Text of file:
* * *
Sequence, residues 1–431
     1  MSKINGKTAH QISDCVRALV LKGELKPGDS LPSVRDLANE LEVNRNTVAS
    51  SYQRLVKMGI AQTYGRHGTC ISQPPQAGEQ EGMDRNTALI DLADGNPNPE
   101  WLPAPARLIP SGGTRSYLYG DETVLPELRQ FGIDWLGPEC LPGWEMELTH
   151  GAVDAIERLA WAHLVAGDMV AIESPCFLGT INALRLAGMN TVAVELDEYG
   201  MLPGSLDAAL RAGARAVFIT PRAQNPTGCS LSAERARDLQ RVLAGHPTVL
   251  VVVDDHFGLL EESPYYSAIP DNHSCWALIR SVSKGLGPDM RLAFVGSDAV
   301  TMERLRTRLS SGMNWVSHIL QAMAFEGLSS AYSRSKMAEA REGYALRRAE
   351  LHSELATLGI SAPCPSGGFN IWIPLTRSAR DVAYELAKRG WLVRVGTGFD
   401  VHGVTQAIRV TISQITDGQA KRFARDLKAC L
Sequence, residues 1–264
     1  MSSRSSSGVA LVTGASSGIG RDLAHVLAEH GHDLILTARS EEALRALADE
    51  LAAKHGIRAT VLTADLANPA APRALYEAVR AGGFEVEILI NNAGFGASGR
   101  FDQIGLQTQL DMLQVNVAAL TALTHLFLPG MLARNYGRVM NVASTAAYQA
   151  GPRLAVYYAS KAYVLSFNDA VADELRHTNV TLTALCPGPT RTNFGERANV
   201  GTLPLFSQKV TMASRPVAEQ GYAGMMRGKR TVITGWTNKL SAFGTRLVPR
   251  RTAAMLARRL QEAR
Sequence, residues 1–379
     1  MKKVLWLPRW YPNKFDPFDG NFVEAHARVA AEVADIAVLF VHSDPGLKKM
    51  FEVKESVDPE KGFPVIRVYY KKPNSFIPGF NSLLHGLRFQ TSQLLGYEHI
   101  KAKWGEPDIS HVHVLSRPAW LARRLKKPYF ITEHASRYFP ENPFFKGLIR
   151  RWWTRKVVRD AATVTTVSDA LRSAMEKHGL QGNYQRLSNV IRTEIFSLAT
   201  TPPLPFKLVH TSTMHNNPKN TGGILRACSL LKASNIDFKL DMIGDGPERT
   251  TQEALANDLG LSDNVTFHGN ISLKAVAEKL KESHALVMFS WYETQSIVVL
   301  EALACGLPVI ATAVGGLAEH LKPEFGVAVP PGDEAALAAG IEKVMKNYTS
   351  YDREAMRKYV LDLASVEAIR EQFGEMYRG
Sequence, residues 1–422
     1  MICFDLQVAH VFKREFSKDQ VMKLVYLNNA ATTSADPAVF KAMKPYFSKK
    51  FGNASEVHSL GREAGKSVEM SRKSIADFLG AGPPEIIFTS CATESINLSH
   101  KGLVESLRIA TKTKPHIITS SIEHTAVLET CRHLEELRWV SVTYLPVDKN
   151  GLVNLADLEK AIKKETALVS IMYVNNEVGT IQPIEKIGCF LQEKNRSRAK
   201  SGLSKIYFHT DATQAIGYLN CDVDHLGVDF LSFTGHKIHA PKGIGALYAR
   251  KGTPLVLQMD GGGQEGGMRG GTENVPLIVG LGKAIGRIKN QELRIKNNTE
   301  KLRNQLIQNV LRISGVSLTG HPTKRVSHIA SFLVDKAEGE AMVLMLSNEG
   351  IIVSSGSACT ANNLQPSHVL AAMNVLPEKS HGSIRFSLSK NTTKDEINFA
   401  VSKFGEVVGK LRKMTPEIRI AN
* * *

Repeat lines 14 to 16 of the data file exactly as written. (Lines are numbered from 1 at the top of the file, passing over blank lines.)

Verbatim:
   101  FDQIGLQTQL DMLQVNVAAL TALTHLFLPG MLARNYGRVM NVASTAAYQA
   151  GPRLAVYYAS KAYVLSFNDA VADELRHTNV TLTALCPGPT RTNFGERANV
   201  GTLPLFSQKV TMASRPVAEQ GYAGMMRGKR TVITGWTNKL SAFGTRLVPR